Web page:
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6 November 2016

REVIEW: iPhone 7

Testing the hype.

We know, we know... it's been out a month now and you've probably already read several reviews of the iPhone 7. However, when Three asked us if we wanted to take a look at one, we jumped at the chance, making this our first ever review of an Apple product. First product reviewed, mind; not first product owned, with all of us having had experience of iPhone and iOS in the past. But – and here is your disclaimer – by cosmic coincidence we're all dedicated Android fans, so does the iPhone 7 offer enough to sway us to Apple. Let's see...

First up, we were sent a regular iPhone 7, not the Plus model which features a larger screen and double cameras. But still, the phone itself is a pleasure to hold in the hand, despite it being slightly smaller than the Samsung Galaxys and phablet phones we all seem to prefer. It looks and feels like a very precisely engineered device, and that should be no surprise considering how much Apple push their design department, making their chief designer, Jony Ive, a celebrity in his own right. Do you know the name of the person who designed the Galaxy S7? We don't.


Take at look at Apple's product page for the iPhone 7 and that emphasis on design and style is further augmented. You have to scroll far down the page before you find out about the actual specs, and even then Apple are always pretty vague, saying things like “twice as fast as the iPhone 6” without mentioning how fast that actually is.

The retina HD display (which is “25% brighter” - than what?) is very nice indeed, with edges that subtly curve into the aluminium body, meaning there are no jarring edges to the thing at all. It is 4.7 inches across, with a pixel density of 1334 x 750, which is admittedly excellent for screen of this size. And a decent screen is very important when you consider the most celebrated part of the 7's marketing: the camera.


Although it might not possess the headline-grabbing double lenses of the it's bigger brother, the iPhone 7's new shooter is very impressive, despite not really boasting the best specs. It is 12MP, which might not ring any excitement bells for people into these kind of things (considering that some Samsung phones have been using upwards of 16MP cameras for two years now), but the large aperture means a lot of light gets in to the sensor. There is image stabilisation running by default, so even with the digital zoom activated shots were clear, bright, and blur-free.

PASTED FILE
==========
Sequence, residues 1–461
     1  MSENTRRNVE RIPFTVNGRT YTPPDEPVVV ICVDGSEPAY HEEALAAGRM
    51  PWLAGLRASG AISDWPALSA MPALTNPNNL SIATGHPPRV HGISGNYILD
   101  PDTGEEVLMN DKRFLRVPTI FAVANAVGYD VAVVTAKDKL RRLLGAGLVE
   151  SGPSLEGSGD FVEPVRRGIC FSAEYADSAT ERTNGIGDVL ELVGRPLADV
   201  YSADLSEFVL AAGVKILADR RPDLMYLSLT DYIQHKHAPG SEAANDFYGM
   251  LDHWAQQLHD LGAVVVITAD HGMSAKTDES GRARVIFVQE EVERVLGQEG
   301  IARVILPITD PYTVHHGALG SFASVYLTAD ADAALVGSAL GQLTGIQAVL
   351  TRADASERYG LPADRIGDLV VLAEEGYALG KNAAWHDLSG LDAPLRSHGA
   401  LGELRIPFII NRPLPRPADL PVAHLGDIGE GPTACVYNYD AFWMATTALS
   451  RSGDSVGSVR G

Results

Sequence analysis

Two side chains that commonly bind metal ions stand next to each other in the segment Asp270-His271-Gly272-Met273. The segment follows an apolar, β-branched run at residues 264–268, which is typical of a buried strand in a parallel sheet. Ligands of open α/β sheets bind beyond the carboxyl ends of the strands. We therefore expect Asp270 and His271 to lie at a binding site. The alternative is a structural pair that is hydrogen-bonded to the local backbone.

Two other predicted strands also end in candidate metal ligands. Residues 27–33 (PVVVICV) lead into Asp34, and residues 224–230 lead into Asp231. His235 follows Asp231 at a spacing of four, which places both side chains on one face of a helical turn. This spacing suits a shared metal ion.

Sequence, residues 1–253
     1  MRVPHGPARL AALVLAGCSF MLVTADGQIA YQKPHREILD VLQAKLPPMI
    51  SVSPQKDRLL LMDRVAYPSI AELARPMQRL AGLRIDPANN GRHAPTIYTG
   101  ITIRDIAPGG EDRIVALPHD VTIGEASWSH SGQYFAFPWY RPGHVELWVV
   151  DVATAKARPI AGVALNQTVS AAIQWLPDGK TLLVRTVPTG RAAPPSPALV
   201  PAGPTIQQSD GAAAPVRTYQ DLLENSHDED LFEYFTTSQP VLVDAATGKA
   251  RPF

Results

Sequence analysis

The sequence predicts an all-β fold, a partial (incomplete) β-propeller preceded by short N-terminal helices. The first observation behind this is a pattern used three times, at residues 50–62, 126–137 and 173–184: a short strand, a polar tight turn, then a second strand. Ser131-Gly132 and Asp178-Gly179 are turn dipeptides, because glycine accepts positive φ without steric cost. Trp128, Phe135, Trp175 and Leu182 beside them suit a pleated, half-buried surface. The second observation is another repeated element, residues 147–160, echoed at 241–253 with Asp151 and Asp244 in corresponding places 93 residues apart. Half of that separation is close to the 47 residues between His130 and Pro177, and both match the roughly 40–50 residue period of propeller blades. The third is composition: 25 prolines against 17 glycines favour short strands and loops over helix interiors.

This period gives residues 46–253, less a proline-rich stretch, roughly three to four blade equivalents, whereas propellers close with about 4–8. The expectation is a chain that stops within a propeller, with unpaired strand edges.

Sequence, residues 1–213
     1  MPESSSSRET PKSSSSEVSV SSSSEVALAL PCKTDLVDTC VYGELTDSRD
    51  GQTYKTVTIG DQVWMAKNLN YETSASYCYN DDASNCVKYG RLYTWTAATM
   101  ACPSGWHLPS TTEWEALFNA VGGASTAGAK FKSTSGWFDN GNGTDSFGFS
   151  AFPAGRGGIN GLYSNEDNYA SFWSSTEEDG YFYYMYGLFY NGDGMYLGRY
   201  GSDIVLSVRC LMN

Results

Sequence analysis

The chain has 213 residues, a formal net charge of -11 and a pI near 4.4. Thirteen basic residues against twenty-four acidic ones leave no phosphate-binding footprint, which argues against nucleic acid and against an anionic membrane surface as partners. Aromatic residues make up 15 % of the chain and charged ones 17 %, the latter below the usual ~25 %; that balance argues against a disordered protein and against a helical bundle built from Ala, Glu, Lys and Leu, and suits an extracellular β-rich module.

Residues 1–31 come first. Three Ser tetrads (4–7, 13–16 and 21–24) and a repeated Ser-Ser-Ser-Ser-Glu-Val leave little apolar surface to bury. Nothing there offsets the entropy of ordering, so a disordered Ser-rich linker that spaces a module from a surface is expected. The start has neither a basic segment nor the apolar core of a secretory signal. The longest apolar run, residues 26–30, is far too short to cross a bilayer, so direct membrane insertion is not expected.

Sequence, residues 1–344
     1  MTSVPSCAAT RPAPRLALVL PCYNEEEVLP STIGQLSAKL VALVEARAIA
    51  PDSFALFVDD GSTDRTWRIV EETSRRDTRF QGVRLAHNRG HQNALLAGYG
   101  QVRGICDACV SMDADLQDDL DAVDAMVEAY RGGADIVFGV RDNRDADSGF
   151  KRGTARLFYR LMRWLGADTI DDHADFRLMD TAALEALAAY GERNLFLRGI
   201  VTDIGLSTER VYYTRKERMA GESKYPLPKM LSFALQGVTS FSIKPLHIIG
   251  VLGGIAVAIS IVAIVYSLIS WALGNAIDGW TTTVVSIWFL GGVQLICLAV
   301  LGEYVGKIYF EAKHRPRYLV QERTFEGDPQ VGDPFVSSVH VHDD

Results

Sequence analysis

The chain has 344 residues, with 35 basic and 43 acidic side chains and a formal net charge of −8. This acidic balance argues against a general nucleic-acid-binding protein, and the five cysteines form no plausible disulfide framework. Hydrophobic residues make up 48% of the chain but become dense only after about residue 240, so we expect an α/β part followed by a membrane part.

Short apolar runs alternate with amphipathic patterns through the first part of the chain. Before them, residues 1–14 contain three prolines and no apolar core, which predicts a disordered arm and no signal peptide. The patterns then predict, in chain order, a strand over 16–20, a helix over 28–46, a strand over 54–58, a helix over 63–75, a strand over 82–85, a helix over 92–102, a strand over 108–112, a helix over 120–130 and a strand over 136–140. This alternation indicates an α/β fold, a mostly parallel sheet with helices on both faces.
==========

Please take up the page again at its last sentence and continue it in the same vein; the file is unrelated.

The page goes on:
We have to admit, for the fortnight we had the 7, it was the camera that was used the most, especially thanks to the likes of Live photos (which snap a few images to create a micro movie of about a second long – it can be a bit creepy if you don't realise it's on and you go to look at your photos!), HDR, an easily editable exposure, and the standard in-camera effects. The focus was quick, time-lapse was easy to operate, and 4K video was smooth and crisp. As we said, it was by far our favourite part of the device.

Here's a shot:



But the iPhone 7 also heralded in iOS 10, something that none of us had experience with. This is where the Android lovers in us start to boast a bit, as it seems that over the past five years Apple has very carefully nudged their OS to mimic some of the things that make Android great. There is greater integration with Siri now, and a pull from the left on the main screen will bring up a settings page to set-up how you want the personal assistant to work. To be fair, we think Siri runs a little smoother that Google Assistant, and we've never really enjoyed having to blurt “Okay, Google!” into our phones.